Transitioning into a New Job
Change is a constant fact of life. What we consider “normal” shifts daily, through our own efforts or factors beyond our control. In order to remain relevant, we must constantly modify our view of the “normal”
This rings true for employment the most. Over a lifetime, people will find themselves shifting between jobs as they re-evaluate what they are offered, their skills and their needs.
With new positions – even those similar to positions you previously held – there is a transition period. This article hopes to guide you and make your upcoming transition a smooth one.
Old Fish New Pond
Find your groove. Talking to current workers is a time tested way of kickstarting your settling in process. These old hands will – more often than not – be intimately familiar with the environment this new role presents and may even be able to advise you on managerial habits.
If you’re working in person, take the time on your break and strike up a conversation. This takes you from the unenviable position of “unknown new hire” to the slightly better position of “unknown new friendly hire.” If you’re working remotely, get the contact details of people in your department, then work upwards from there.
It’s important you rid yourself of any assumptions you may have had, prior to landing the job. Take the time to observe the habits of employees who have thrived in this work environment, and how these habits have affected how they work.
However rather than blindly mimicking them, ensure that any habits you imbibe will affect you positively. Not all habits will be beneficial, and you must endeavour to make smart decisions which are best for your position.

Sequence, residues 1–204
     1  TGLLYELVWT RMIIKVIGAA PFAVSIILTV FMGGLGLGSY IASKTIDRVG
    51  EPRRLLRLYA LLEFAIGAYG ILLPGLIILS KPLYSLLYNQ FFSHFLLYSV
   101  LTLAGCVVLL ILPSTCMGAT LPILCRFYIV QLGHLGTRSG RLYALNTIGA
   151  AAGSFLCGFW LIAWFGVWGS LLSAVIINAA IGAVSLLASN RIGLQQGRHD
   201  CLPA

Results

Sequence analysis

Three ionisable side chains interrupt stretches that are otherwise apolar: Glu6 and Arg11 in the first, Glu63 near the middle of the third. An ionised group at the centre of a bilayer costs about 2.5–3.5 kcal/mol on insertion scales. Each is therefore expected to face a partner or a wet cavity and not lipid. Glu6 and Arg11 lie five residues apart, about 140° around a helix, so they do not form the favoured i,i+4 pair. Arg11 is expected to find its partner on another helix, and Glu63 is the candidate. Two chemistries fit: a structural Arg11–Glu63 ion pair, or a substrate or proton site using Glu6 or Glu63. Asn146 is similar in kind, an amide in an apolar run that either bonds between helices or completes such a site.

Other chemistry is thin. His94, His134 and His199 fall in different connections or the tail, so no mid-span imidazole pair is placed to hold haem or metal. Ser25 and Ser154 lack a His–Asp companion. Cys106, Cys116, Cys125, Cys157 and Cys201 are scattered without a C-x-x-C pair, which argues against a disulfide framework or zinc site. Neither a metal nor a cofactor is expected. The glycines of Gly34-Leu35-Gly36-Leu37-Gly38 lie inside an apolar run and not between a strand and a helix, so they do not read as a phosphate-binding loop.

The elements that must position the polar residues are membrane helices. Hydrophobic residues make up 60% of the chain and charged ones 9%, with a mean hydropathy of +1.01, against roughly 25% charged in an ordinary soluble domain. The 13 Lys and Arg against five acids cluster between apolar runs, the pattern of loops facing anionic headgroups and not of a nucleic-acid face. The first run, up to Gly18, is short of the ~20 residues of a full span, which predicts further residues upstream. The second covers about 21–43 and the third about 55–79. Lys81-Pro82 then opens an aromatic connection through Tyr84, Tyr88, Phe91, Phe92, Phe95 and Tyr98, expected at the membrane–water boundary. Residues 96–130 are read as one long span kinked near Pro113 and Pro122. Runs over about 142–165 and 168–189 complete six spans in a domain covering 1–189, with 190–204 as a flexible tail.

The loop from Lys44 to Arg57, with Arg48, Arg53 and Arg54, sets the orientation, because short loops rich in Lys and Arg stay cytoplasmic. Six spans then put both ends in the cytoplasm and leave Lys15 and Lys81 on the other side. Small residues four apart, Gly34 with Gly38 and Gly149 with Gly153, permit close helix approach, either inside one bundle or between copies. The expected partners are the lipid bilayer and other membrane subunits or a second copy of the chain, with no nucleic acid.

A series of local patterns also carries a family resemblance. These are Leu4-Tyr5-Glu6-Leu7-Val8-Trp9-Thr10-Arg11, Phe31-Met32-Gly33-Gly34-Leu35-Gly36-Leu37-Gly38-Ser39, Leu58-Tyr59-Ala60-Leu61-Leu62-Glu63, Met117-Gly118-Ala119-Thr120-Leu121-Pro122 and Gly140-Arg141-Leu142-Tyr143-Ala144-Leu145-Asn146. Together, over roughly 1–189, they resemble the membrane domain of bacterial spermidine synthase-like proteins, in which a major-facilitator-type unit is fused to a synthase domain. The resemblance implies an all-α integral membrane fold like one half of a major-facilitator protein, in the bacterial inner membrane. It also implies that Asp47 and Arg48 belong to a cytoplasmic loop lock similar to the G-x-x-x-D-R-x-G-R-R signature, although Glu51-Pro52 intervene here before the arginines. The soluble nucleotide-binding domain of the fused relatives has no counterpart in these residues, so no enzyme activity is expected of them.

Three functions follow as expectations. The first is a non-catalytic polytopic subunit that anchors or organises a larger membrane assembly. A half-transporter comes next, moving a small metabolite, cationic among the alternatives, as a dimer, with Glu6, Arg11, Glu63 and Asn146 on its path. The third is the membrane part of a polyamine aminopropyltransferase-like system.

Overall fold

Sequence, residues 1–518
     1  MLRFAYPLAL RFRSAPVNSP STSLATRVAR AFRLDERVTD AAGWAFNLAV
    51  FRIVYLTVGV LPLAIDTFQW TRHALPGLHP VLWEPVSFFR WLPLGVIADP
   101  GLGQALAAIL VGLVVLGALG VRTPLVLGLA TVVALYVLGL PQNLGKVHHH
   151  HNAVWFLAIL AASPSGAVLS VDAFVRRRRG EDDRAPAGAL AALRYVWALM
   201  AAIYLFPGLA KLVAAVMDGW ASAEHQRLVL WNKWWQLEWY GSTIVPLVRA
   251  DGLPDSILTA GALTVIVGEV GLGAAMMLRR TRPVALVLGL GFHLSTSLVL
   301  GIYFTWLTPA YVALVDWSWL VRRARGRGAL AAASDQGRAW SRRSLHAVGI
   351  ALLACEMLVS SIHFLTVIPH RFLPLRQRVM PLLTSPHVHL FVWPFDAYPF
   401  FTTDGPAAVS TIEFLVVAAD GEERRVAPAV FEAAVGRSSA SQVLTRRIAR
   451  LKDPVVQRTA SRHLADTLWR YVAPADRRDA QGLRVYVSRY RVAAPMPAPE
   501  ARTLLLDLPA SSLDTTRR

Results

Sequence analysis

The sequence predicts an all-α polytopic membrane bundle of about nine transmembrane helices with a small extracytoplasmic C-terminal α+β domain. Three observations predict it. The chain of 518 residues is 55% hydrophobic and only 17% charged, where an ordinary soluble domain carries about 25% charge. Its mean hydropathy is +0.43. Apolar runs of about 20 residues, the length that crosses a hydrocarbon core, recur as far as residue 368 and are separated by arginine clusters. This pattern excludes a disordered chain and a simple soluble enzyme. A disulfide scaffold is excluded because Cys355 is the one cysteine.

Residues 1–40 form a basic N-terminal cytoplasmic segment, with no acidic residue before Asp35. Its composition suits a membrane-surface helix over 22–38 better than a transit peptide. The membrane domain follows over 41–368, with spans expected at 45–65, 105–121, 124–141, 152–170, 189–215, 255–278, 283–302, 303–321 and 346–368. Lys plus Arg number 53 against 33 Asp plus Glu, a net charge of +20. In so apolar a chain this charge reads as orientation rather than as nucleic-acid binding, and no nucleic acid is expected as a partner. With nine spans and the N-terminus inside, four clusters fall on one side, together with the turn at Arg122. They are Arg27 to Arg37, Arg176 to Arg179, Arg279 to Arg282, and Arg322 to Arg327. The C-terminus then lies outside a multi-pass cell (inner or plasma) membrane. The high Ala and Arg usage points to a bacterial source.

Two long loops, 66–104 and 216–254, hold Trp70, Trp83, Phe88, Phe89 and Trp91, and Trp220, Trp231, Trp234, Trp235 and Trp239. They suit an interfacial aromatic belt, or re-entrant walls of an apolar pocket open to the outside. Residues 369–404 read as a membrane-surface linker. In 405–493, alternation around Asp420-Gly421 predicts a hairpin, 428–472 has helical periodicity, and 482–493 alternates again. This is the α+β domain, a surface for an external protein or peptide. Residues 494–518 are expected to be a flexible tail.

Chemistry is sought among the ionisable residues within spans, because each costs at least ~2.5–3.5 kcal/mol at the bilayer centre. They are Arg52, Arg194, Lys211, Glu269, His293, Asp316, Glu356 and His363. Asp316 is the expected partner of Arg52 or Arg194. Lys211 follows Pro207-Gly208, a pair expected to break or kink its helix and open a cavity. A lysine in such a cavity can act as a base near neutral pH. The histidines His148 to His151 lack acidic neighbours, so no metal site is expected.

Instructions Are For Winners
It’s expected that your duties would have been communicated prior to being hired, a short rundown of tasks you would complete on a regular basis. Aside from this physical list, you can also turn to your manager for enlightenment.
More often than not, you won’t be the first hire for your current position. Your manager would – ideally – have years of experience working with people in similar positions, witnessing their successes and their failures.
By reaching out to them, you tap into a wellspring of information, steering yourself away from common pitfalls and ensuring your output aligns with what they envision.
Making A Good Impression
Always aim for success in the workplace. Before beginning a task, ensure you seek a holistic understanding of expectations. This, combined with a concrete laid out plan maximizes your success rate.
Multiple successes not only endear you to the company as a valuable employee, but they reaffirm to you that you are competent. A failed task weighs heavy on your ability to perform, making you doubt yourself when future tasks are assigned, and doubt will only serve to trip you up.
Motivation is the driving force behind any employee, and without it you can find your momentum lacking when you need it the most. Push for greatness at every opportunity without allowing the fear of failure to hold you back, and your success will keep your momentum roaring along.
We hope this short article has been of some assistance to you, and wish you good luck with your experiences in the labour market going forward.